शनिवार, 23 मार्च 2013

Swami Vivekananda : the Pioneer of Indian Freedom Movement

वीरेश्वराय विद्महे विवेकानन्दाय धीमहि। तन्नो वीर: प्रचोदयात्।
the Pioneer of Indian Freedom Movement
The awakening of the soul to its bondage and its effort to stand up and assert itself — this is called life. Success in this struggle is called evolution. The eventual triumph, when all the slavery is blown away, is called salvation, Nirvâna, freedom. 
                                              - Swami Vivekananda

Bhagat singh narrated how Ramtirtha often wept while seeing the setting sun in America : "Now you are rising in my beloved country. Drop my tears like dew drops over the beautiful watered field of India."

Bhagat singh also praised Swami Vivekananda from Bengal. He felt proud that both men earned fame for propagating the glory of Indian metaphysics abroad. He woefully noted that Vivekananda's mission become a permanent institute in Bengal. 

Anushilan Samiti, which was formed in Calcutta in 1894, had divided revolutionary into two categories : those who believed in religion and those who did not. Most revolutionary of Bengal at that time were influenced by Bankim Chandra Chattergee and Swami Vivekananda. Samiti members had to read Hindu scriptures, especially the Geeta. Songs and slogans based on Hindu myths inspired Bengal's revolutionaries in early 20th century.
(The Martyr: Bhagat Singh Experiments in Revolution by Kuldip Nayar)

Hem Chandra said: It was Swamiji who first exposed the mean, insidious plot of the British to destroy India politically, morally,culturally and intellectually, so that Indians would remain slaves forever. Hence, you’ll find in my article this comment that Swamiji served the nation more as a National Patriot of the first order rather than as a Religious Awakener, as a Prophet of militant nationalism. India’s slavery agitated him profoundly. This agony burst forth in his speeches with a dazzling flame of fire. His speeches electrified the whole nation and his complete works served as a continuous stream of inspiration to the whole of India, particularly to the Revolutionaries of Bengal. In fact, every freedom fighter, derived strength and inspiration from the Bhagavad-Gita and the speeches and writings of Swami Vivekananda. In our youthful years, these were our constant companions. Whenever the British Police searched the homes of the Revolutionaries, invariably they found copies of Swamiji’s speeches, his letters, and the Gita. The Police were thus convinced of the close association of Swamiji with the Indian freedom struggle.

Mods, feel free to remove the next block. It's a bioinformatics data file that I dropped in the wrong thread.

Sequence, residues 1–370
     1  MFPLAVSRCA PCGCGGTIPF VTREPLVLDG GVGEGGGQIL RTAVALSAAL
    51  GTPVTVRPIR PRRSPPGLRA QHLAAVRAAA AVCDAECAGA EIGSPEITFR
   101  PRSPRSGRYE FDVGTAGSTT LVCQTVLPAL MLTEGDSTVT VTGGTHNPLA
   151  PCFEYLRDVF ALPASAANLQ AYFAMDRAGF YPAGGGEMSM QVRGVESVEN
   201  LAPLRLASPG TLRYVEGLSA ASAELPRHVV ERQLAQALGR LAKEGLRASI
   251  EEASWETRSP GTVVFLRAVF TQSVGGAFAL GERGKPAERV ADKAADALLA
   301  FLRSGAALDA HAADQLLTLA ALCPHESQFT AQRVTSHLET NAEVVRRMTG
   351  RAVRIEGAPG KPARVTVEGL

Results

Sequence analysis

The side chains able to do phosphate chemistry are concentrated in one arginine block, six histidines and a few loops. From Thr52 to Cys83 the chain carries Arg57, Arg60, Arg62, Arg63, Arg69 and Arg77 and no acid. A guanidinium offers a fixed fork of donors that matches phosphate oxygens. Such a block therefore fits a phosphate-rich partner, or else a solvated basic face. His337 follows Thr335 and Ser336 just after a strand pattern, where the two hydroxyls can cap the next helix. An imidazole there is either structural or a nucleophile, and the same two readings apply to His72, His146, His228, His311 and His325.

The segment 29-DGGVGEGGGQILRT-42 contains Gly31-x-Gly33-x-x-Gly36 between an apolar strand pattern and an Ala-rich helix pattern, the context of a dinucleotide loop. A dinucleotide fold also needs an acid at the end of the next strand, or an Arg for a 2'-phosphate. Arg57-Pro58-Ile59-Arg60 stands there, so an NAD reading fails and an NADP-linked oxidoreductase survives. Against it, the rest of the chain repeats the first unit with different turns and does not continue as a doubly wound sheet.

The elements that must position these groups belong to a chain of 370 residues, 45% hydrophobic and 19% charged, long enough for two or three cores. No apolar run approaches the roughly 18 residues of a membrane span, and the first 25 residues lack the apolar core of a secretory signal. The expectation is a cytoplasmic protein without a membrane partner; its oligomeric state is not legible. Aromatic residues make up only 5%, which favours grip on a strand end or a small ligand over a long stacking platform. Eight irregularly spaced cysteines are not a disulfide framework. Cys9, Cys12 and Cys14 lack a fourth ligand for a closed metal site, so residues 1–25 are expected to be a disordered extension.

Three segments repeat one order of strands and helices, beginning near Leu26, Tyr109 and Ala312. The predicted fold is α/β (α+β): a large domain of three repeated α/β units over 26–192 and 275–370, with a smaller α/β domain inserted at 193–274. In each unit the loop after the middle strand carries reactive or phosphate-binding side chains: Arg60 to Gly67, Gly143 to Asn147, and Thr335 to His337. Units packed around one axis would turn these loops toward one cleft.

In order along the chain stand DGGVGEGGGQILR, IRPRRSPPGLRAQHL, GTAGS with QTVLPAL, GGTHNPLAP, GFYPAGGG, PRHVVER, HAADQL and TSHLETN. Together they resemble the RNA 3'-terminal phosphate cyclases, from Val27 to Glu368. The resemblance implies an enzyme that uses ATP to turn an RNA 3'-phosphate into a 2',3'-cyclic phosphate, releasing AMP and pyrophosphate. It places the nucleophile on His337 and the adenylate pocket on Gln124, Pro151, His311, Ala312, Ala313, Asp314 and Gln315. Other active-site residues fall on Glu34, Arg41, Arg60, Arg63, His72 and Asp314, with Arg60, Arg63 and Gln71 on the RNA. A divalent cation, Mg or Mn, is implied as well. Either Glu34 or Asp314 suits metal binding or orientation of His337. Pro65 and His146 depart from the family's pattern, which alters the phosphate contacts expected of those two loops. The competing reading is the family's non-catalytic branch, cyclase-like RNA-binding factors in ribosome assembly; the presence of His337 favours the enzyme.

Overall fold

Swami Purnatmananda: Your last statement during our previous interview profoundly impressed me.

Hem Chandra: What had I said, can you tell me?

Swami Purnatmananda: You had said - I had the good fortune to see Swamiji in flesh and blood. I have never seen anyone else who can stand on an equality with Swamiji. I could not even bow my head or touch Gandhiji’s feet after touching the feet of Swamiji.

Hem Chandra: (with great emotion and enthusiasm) Yes! I had the great good fortune to have seen him. I touched his feet. I can still feel his fiery touch as he blessed me on the head and shoulders. Oh! Those few moments with Swamiji are the most unforgettable and enchanting moments of my life, because then I learnt how to love my Motherland Bhartavarsha. Then I felt how terrible and painful it was for my people to live like slaves of the British. I had gone to him to learn about Religion. But what a remarkable lesson he taught me that day! He opened our eyes to patriotism and nationalism. He set fire to our inmost being. That fire still burns in me today, as brightly as in 1901. That fire is Vivekananda. That fire’s other name is Bharatavarsha –the undivided Bharatavarsha extending from the Himalayas to the Indian Ocean. That India had to be freed from the British yoke - but not merely this. India had to establish herself as a Shining Guide and Teacher of Humanity in the arts of Peace, Civilisation and Culture. She had to be made the Queen of all the nations of the earth. This heavy task was given to us young revolutionaries to complete by Swami Vivekananda. It was Swamiji who boldly and fearlessly started this movement for National Resurgence. He gave us the onerous task of advancing and fulfilling the pledge, this dream, this hope, this vision, this destiny. But have we been able to do his bidding? Have we been able to hold aloft his great banner? Why, I have witnessed almost a full century of struggle and achievement. Perhaps, his Spirit will reject us as unworthy, and he will look for his fresh soldiers among the new generation of Indian youths. I was told by Kamakhya Mitra that Swamiji had expressed such a hope to Swami Saradananda.

From book  "I am India" by Swami Purnatmananda published by Vivekananda Kendra Prakashan Trust